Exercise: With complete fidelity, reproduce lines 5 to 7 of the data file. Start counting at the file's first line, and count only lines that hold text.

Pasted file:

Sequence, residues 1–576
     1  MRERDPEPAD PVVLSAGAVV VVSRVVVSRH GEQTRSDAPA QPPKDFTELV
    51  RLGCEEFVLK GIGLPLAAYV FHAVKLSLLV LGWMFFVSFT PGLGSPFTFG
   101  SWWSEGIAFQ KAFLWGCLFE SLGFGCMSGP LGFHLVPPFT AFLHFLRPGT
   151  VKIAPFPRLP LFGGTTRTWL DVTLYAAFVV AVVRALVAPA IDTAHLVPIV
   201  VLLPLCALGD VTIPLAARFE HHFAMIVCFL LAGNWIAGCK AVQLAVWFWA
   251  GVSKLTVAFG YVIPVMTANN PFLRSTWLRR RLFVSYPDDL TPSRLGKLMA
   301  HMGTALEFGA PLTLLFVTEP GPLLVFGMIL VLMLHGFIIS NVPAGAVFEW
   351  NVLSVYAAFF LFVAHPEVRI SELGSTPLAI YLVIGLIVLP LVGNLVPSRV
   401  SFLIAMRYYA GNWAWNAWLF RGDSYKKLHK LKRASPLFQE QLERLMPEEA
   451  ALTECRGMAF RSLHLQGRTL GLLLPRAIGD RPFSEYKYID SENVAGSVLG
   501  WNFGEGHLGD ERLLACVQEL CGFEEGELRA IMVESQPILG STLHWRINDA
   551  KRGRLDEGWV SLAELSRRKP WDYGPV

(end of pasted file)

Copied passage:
   151  VKIAPFPRLP LFGGTTRTWL DVTLYAAFVV AVVRALVAPA IDTAHLVPIV
   201  VLLPLCALGD VTIPLAARFE HHFAMIVCFL LAGNWIAGCK AVQLAVWFWA
   251  GVSKLTVAFG YVIPVMTANN PFLRSTWLRR RLFVSYPDDL TPSRLGKLMA